Europe’s biggest rail operators are reporting problems with copper theft on their lines and with the price of the metal set to rise many are concerned.
Copper theft is delaying thousands of trains and causing millions of euro worth of damage to rail infrastructure across Europe.
You may wonder why thieves stealing a metal could be so significant as to stop trains from running. Well, because trains can’t run at all without copper.
It is the essential component in things like signal cables, grounding wires and power lines. Without them, trains don’t have the power or communications to run.
Why do thieves want to steal copper?
One tonne could be sold to a metal recycling facility in the UK for around £6,600 (€7,726) last March, according to a UK All-Party Parliamentary Group report on metal theft. While thieves might not be able to sell stolen goods to an official recycling site, they are likely to at more informal scrap yards.
With the price of copper predicted to rise in the next two years, rail operators are concerned that copper theft will become yet more popular.
They are looking to increase their defences and several European countries have even been employing DNA technology to beat the thieves.
So just how big of a problem is copper theft on Europe’s railways and what exactly can we do to stop it?
Where in Europe is copper theft a big problem?
The scale of the problem is revealed by the data from some of the continent’s biggest train operators.
The appetite for copper led to British trains being delayed for 84,390 minutes in the 2022/23 financial year at a cost of £12.24 million (€14.33 million), figures released to Euronews Travel by Network Rail show.
In Germany, there were 450 cases of metal theft on Deutsche Bahn-operated railways, a spokesperson for the train company told us. This affected 3,200 trains which were delayed for a total of 40,000 minutes and cost Deutsche Bahn €7 million.
France operator SNCF told us that more than 40,000 trains were affected by metal theft in their most recent figures from 2022, causing over €20 million in losses.
Belgium’s railways were also affected and saw 466 acts of copper theft in 2022, which was a 300 per cent increase compared to 2021 and led to 33,000 minutes of delays.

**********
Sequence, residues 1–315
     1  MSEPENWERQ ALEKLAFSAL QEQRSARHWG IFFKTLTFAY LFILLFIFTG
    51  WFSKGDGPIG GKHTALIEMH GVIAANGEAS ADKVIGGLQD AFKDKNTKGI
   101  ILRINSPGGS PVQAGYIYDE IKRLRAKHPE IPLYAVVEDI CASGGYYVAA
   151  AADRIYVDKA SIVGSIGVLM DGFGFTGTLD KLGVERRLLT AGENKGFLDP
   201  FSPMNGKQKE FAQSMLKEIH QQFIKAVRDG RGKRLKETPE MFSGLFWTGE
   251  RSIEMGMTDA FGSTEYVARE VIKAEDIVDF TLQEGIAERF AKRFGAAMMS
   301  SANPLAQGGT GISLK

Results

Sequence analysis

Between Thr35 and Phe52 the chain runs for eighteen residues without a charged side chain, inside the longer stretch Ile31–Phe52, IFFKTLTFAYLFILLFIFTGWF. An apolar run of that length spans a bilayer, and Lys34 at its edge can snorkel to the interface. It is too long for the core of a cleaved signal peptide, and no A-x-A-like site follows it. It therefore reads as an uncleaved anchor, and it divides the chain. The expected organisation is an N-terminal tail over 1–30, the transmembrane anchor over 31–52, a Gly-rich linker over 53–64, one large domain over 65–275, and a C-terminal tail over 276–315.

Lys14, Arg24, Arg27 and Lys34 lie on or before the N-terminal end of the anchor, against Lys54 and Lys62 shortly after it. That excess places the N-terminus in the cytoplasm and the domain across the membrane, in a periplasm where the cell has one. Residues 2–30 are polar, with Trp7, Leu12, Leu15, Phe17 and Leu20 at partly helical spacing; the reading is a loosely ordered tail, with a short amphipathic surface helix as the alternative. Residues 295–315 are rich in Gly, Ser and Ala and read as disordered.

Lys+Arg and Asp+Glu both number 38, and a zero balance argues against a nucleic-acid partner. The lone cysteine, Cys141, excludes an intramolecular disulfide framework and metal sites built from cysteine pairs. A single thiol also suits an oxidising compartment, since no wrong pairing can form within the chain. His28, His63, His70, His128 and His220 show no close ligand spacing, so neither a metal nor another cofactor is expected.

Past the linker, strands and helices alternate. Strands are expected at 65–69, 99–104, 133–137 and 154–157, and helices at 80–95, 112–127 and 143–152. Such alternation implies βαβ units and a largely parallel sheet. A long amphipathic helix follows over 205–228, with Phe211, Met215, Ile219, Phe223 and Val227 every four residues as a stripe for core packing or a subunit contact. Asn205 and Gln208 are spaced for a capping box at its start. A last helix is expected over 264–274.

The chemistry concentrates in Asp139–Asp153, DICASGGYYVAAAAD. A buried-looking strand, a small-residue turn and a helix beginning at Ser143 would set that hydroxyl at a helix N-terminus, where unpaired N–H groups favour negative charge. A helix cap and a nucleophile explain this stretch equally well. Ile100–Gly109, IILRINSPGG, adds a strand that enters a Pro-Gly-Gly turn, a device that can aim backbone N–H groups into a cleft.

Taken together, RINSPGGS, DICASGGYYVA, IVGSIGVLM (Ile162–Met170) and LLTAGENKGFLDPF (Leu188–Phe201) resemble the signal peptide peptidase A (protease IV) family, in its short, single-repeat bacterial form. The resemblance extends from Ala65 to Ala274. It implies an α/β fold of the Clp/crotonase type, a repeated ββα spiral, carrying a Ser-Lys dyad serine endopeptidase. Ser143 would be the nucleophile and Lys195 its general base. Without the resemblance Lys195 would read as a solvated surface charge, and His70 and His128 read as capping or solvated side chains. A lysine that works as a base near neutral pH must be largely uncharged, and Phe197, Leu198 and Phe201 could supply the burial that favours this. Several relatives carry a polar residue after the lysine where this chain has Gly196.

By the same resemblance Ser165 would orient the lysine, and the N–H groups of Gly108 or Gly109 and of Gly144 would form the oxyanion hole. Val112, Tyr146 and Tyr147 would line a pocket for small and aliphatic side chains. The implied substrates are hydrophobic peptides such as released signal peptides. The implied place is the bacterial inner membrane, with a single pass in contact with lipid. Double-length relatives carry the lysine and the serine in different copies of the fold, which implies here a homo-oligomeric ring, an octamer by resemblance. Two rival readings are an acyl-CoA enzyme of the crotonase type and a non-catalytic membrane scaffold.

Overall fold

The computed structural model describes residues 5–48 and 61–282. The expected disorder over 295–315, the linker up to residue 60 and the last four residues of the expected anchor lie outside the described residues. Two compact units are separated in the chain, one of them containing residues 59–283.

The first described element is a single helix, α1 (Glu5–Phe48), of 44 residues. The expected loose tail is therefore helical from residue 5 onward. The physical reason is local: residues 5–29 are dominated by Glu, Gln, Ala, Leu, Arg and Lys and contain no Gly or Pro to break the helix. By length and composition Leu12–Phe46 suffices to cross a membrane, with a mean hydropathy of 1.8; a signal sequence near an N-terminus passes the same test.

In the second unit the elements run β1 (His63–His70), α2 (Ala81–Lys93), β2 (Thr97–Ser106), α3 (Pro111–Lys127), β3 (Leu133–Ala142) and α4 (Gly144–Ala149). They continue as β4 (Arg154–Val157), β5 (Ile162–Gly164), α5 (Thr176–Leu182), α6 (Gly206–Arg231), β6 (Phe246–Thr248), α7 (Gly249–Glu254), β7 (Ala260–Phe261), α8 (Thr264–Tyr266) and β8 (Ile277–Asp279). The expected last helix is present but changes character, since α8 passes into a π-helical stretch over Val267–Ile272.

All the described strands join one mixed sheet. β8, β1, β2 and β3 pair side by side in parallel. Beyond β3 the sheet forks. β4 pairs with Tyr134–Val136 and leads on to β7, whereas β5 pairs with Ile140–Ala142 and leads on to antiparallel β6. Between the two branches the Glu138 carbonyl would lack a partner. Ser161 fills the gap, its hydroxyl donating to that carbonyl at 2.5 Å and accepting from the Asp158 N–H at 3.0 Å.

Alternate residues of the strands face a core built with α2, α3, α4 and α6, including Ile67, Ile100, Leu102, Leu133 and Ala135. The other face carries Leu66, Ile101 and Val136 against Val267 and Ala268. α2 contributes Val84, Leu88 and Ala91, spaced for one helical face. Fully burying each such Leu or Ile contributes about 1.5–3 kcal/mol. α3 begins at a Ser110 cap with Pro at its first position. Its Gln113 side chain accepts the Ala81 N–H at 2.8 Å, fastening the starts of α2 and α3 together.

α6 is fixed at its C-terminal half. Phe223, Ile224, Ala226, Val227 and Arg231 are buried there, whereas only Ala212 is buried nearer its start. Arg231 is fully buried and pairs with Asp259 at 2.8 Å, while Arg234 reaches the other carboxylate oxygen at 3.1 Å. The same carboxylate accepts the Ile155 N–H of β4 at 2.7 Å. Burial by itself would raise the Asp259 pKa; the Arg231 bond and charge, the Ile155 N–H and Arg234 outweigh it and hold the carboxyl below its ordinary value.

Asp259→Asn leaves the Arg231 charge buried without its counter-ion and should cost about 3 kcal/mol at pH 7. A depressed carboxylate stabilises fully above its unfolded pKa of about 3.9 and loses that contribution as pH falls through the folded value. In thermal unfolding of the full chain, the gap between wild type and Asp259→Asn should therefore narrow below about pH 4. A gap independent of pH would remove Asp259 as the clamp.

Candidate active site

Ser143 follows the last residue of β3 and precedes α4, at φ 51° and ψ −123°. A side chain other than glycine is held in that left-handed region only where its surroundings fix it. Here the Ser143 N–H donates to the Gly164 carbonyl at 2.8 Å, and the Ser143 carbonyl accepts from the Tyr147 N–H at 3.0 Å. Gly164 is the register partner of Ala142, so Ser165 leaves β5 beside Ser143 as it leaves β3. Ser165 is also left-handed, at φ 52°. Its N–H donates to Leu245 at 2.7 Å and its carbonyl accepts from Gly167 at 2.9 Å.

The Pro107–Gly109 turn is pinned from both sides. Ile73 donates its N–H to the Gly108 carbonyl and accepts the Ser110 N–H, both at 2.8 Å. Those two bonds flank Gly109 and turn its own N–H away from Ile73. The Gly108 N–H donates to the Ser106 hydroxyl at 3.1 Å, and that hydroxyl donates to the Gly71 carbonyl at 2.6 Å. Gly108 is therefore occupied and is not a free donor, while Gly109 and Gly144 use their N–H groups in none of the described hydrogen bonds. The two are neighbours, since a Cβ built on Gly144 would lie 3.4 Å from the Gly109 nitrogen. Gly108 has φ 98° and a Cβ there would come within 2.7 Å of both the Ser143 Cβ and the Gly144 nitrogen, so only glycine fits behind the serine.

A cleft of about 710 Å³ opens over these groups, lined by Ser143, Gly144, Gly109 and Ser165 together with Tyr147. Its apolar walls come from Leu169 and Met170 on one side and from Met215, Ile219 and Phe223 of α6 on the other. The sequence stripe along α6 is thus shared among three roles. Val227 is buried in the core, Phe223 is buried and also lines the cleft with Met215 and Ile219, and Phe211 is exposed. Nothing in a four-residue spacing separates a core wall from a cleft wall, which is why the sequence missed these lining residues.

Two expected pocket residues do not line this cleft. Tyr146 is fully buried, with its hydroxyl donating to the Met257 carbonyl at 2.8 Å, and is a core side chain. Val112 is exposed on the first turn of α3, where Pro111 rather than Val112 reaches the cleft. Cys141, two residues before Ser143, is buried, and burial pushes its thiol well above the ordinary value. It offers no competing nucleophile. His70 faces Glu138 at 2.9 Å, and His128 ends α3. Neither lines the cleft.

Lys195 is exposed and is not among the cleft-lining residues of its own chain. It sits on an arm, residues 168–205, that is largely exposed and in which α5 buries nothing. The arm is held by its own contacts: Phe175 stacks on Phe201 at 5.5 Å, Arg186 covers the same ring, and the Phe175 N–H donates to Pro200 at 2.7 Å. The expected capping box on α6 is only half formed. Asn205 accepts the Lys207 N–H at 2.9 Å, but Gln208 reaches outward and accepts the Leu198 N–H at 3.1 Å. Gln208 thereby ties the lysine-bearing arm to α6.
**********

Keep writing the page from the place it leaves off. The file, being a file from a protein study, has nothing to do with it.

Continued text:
But not every country is struggling with this problem. A spokesperson for Austrian operator ÖBB told Euronews: “Last year, we recorded copper thefts in the low single-digit range throughout Austria, which did not cause any disruption to train services.”
What are train companies doing to tackle copper theft?
While the numbers involved are significant, they have decreased massively over the last 10-15 years. Deutsche Bahn says cases have fallen by around 85 per cent in Germany from 3,200 in 2013 to 450 in 2023.
But tackling the crime has its challenges.
Rail tracks and infrastructure are of course spread out across countries and go through remote areas. This makes it difficult to monitor and to catch thieves in action.
In recent years, companies have increased cooperation with the police and used CCTV and drones to improve security.
Several operators including Network Rail, SNCF and Deutsche Bahn have even turned to DNA technology to stop thieves.
“We always talk about the DNA fear factor,” says James Brown, the managing director of Selectamark, the company that provides the technology. “Criminals know that DNA links them to crimes. Anything that’s DNA marked or protected immediately becomes a harder target in the criminal’s mind. So it works really well as a deterrent.”
Selectamark puts a synthetic DNA marker on the cable that makes it possible to identify. This can help the police directly link a thief to a particular theft. It also uses grease with a DNA marker that can transfer to a person if they touch it, which lasts for weeks on their skin, cannot be washed off and can be seen under UV light. Rail companies then put up signage advertising that the DNA products are in use which can put off any potential thiefs.
Are copper prices rising?
Despite these longer term drop offs, rail companies are concerned by a recent uptick that they say is coinciding with increased copper prices. Prices which show no signs of slowing down.
Analysts at BMI, a Fitch Solutions unit, forecast that copper prices will rise this year as well as in 2025.
It’s a sentiment echoed by a recent report by the Economist Intelligence Unit which put the 2025 price rise as a “sharp” increase.
One of the reasons for this is the global shift towards renewable energy which will see increased demand for the metal.
Copper is vital for electricity-related technologies. Over the next two decades the energy sector will make up 40 per cent of global demand for copper, the International Energy Association predicts.
As things stand these thefts are costing millions of euros. Many of Europe’s train operators are state-owned or reliant on state money so taxpayers are footing part of the bill.
Copper theft is a complicated crime to stop and with the price of copper increasing it’s one that is unlikely to go away. But rail companies have made strides in tackling it in recent years and they are hopeful that with deterrents and other strategies they can keep the thefts in check and the number of disruptions for passengers down.